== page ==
Victorian London - Entertainment and Recreation - Museums, Public Buildings and Galleries - The Cosmorama

Cosmorama, The, Regent Street ... Admission 1s.

The Cosmorama, Regent Street, presents correct delineations of the celebrated remains of antiquity, and of the most remarkable cities and edifices in every part of the globe. The subjects are changed every two or three months; it is, altogether, a very beautiful exhibition.

Mogg's New Picture of London and Visitor's Guide to it Sights, 1844

COSMORAMA (THE), Nos. 207 and 209, REGENT STREET. Intended primarily for exhibiting views of remarkable scenes in different parts of the world, but chiefly used as ordinary exhibition rooms.

Peter Cunningham, Hand-Book of London, 1850

COSMORAMA (Exhibition) in Regent Street. displaying views of several objects worthy of the scientific and curious. There are two galleries, in which there are convex lenses for vicuna the several objects.

London Exhibited in 1852

THE COSMORAMA, though named from the Greek (Kosmos, world; and orama, view, because of the great variety of views), is but an enlargement of the street peep-show; the difference not being in the construction of the apparatus, but in the quality of the pictures exhibited. In the common shows, coarsely-coloured prints are sufficiently good; in the Cosmorama a moderately good oil-painting is employed. The pictures are placed beyond what appear like common windows, but of which the panes are really large convex lenses, fitted to correct the errors of appearance which the nearness of the pictures would else produce. The optical part of the exhibition is thus complete; but as the frame of the picture would be seen, and thus the illusion be destroyed, it is necessary to place between the lens and the view a square wooden frame, which, being painted black, prevents the rays of light passing beyond a certain line, according to its distance from the eye: on looking through the lens, the picture is seen as if through an opening, which adds very much to the effect. Upon the top of the frame is a lamp, which illuminates the picture, while all extraneous light is carefully excluded by the lamp being in a box, open in front and top.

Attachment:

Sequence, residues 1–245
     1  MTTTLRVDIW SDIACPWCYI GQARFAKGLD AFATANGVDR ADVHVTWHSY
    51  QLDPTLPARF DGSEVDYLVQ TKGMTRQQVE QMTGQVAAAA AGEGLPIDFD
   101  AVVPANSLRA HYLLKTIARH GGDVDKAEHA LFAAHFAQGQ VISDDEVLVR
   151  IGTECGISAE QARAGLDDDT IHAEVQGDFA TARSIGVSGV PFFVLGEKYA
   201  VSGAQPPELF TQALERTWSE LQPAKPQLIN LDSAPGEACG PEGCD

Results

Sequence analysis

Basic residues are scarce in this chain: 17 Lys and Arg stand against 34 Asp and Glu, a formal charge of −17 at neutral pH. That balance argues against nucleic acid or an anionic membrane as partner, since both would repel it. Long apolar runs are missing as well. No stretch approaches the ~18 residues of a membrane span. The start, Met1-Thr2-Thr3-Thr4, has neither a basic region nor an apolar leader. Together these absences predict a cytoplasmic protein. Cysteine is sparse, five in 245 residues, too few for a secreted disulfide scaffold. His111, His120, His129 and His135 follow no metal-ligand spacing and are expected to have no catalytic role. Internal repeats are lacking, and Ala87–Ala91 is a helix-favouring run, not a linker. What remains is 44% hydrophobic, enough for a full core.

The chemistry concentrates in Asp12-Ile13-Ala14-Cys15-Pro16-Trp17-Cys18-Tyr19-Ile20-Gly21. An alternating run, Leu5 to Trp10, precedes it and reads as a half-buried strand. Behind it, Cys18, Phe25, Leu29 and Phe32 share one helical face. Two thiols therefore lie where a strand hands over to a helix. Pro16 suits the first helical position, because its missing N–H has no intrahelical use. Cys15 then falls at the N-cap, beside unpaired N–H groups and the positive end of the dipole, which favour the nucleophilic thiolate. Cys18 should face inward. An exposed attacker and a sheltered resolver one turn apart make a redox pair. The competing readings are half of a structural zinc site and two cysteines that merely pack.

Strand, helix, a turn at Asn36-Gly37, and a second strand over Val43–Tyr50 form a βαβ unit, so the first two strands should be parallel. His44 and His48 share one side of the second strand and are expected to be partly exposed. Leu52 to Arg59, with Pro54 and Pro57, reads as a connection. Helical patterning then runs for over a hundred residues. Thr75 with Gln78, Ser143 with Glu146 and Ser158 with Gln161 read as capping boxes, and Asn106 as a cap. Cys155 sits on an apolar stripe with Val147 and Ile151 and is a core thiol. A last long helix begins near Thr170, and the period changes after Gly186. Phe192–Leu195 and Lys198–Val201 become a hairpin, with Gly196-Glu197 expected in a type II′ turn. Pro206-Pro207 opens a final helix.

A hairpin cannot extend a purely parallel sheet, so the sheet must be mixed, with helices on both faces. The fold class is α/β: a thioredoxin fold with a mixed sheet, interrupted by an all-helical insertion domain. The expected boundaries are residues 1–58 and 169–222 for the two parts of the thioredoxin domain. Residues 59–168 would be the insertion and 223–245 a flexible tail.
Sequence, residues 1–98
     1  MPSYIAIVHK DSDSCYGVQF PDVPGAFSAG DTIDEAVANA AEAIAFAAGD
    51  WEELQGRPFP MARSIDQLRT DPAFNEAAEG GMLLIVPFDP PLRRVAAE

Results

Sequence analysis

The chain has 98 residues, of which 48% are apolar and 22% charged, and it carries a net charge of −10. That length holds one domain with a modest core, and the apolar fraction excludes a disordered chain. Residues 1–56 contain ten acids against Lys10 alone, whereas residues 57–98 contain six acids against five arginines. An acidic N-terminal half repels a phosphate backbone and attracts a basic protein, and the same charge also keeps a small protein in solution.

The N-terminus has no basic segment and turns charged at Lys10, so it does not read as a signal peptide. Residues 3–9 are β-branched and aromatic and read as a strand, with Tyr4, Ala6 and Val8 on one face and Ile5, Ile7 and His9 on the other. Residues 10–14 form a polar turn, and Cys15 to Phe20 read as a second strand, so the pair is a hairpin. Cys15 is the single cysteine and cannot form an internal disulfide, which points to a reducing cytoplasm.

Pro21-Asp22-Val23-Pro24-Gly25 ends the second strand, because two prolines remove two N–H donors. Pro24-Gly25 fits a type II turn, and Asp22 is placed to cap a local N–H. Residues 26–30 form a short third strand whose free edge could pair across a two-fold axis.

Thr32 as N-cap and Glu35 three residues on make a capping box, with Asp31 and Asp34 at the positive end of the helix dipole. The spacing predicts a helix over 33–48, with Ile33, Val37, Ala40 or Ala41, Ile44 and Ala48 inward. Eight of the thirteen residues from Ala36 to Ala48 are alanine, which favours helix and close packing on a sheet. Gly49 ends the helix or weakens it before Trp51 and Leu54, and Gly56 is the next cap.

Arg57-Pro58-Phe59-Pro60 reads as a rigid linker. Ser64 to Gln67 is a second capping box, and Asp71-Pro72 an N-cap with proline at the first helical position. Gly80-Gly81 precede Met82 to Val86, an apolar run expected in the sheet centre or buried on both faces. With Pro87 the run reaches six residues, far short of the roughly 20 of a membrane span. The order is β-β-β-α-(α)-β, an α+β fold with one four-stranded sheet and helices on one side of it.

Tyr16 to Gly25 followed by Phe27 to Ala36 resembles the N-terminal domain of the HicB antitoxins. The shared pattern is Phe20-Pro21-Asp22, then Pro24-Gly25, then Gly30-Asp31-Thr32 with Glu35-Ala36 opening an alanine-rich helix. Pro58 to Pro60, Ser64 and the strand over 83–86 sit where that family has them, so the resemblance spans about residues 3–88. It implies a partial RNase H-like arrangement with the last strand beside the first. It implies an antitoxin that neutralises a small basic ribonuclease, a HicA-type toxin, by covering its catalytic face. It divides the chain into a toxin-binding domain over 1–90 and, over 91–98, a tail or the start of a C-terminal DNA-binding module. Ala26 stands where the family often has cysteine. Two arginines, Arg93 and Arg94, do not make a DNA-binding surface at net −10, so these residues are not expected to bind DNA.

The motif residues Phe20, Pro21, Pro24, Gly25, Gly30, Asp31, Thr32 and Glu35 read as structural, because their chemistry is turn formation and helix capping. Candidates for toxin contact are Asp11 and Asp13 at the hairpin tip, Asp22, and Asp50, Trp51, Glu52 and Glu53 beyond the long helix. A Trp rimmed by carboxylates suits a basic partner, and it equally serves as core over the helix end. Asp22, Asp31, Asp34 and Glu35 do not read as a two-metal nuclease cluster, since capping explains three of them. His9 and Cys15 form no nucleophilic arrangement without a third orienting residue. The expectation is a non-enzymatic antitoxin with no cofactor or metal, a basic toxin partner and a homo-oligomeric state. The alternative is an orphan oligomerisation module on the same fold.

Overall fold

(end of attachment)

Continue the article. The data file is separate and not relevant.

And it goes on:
A Cosmorama was long shown at Nos. 207 and 209, Regent-street, where the most effective scenes were views of cities and public buildings. Cosmoramas have also formed part of other exhibitions. - At the Lowther Bazaar, 35, Strand, the "Magic Cave" (cosmoramic pictures) realized 1500l. per annum, at 6d. for each admission.

John Timbs, Curiosities of London, 1867